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Dave Mitchell writes:
I spent the month mainly fixing issues that were 5.22 blockers.
2:18 [perl #120950] Apparent failure to localize %^H
2:13 [perl #123619] Bleadperl v5.21.6-89-gd648ffc breaks autobox
4:33 [perl #123737] S_no_op: Assertion `s >= oldbp' failed
1:25 [perl #123954] Perl_pp_substcont: Assertion failed
1:21 [perl #123976] [Win32] Unable to build 64-bit blead using gcc-4.8.2
1:21 [perl #124207] Perl_ck_stringify: Assertion `!((((kid)->op_sibling) ?
10:57 [perl #124216] Perl_sv_clear: Assertion
0:37 [perl #124368] Perl_sv_2pv_flags: Assertion ....
2:09 [perl #124385] null ptr deref -> Perl_cv_forget_slab (pad.c:500)
0:20 fix t/uni.parser.t under EBCDIC
10:02 more op_siblings stuff
7:27 process p5p mailbox
5:10 review 5.22 blocker issues
5:34 setjmp corruption with recent clang
3:36 valgrind error in re_op_compile()
59:03 Total (HH::MM)
Tony Cook writes:
Approximately 25 tickets were reviewed or worked on, and 2 patches were applied.
This was a short month since my old grant ran out, and a new grant started.
[perl #123788] was interesting to me because is illustrated how perl tracks which globs (or package) a given @ISA is present in - and how that was broken in this case.
Each @ISA has isa magic. If the @ISA is only present in a single GV, then mg_obj for the magic is a pointer to that GV, if there are multiple GVs then mg_obj is an AV (not an RV pointing to an AV) of GVs. In neither case are the references counted in the GV's reference count.
In the case of the bug, the magic wasn't being updated when the @ISA was removed from the GV, and the GV was then deleted, leaving a dangling pointer in the mg_obj of the @ISA's isa magic. Later when the SV head of the GV was re-used for a PV SV and the original @ISA was modified perl would crash attempting to use it as a GV.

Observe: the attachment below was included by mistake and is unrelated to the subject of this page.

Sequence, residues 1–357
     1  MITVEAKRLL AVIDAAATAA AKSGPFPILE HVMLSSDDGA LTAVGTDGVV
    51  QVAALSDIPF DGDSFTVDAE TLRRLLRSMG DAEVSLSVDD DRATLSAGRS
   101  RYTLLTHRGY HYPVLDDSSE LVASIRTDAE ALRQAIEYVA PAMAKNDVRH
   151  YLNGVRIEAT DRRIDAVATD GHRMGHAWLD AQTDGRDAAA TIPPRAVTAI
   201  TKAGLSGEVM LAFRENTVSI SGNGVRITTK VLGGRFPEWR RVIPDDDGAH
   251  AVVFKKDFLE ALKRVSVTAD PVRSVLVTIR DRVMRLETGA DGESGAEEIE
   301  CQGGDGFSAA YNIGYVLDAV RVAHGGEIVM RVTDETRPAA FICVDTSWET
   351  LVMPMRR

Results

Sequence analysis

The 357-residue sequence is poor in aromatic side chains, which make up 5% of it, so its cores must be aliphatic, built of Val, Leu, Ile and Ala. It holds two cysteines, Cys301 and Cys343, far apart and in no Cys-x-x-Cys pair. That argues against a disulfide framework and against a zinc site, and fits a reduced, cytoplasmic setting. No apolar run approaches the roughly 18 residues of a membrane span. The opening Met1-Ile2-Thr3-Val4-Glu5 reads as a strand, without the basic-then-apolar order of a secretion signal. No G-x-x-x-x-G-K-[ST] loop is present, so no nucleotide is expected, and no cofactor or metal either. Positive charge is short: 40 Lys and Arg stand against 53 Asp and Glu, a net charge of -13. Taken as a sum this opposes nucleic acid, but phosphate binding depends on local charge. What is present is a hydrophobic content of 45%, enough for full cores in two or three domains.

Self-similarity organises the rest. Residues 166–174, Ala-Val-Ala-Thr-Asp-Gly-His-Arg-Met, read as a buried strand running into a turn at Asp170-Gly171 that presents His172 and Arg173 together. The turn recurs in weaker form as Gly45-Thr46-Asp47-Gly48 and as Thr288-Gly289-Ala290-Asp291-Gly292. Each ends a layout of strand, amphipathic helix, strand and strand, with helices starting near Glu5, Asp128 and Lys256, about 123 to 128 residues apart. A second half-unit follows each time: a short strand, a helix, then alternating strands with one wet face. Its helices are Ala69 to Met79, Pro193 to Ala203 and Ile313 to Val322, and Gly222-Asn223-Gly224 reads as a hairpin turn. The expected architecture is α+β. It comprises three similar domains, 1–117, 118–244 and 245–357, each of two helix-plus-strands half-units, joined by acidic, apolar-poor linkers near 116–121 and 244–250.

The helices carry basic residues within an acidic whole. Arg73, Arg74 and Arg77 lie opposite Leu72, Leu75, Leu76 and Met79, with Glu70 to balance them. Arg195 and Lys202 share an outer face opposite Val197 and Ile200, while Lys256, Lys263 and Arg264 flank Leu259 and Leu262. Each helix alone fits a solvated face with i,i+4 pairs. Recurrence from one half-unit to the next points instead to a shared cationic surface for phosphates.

Contribute to Perl and get some $$!
The Grants Committee is accepting grant proposals all the time. We evaluate them every two months and another evaluation period has come.
If you have an idea for doing some Perl work that will benefit the Perl community, consider sending a grant application. The application deadline for this round is 23:59 May 15th UTC. We will publish the received applications, get community feedback and conclude acceptance by May 30th.
The format will be the same as the previous rounds in 2014-2015.
We will confirm the receipt of application within 24 hours.
If you have further questions, please comment here. If your comment does not show up here within 24 hours, the chances are that the spam filter did something bad. Get in touch with me at tpf-grants-secretary at perl-foundation.org.
Thanks goes to the community members who took time to provide feedback on this proposal. I would also like to thank Patrick Michaud and Liz Mattijsen who have agreed to help with the management of this grant.
Dave Mitchell writes:
I spent the month mainly fixing issues reported by the Coverity static code analyser, and fixing assorted bugs that were in the main 5.22 blockers.
Some notable highlights:
Coverity reported an issue related to MEM_WRAP_CHECK(): although it turned out to be harmless, looking at it gave me an idea to make the wrap check be constant-folded at compile time more often, and since this macro (via its use in Newx(), Copy() etc) is used in many places in the source, this meant that the run-time check was eliminated in many places. Indeed the object code shrank by about 8K on my x86_63 build, implying that this happened often.
We have received the following Hague Grant application from Bart Wiegmans. Before we vote on this proposal we would like to have a period of community consultation for 10 days. Please leave feedback in the comments or if you prefer send email with your comments to karen at perlfoundation.org.
Name: Bart Wiegmans
Project Title: Advancing the MoarVM JIT
Implement an advanced code generation algorithm for the MoarVM JIT compiler, leading to more efficient machine code for JIT compiled frames.
Benefits to Perl 6 Development:
This project will enable the MoarVM JIT compiler to generate smaller and more efficient code, producing greater performance and less memory traffic during execution. This will help to make Perl 6 more competitive with other languages. (Speed is generally regarded as a feature).
As a secondary benefit this will decouple the JIT intermediate representation from the MoarVM bytecode and the x64 machine code making it easier for developers to extend or to port the JIT to architectures other than x64, such as ARM.
As an example of the potential speedup I've created the following example demonstrating a 5x speedup on tight numeric code. Although that example is highly artificial it does demonstrate the limits of the current JIT rather well. Note also that the original hot loop uses 22 instructions whereas the new hot loop uses only 7 instructions.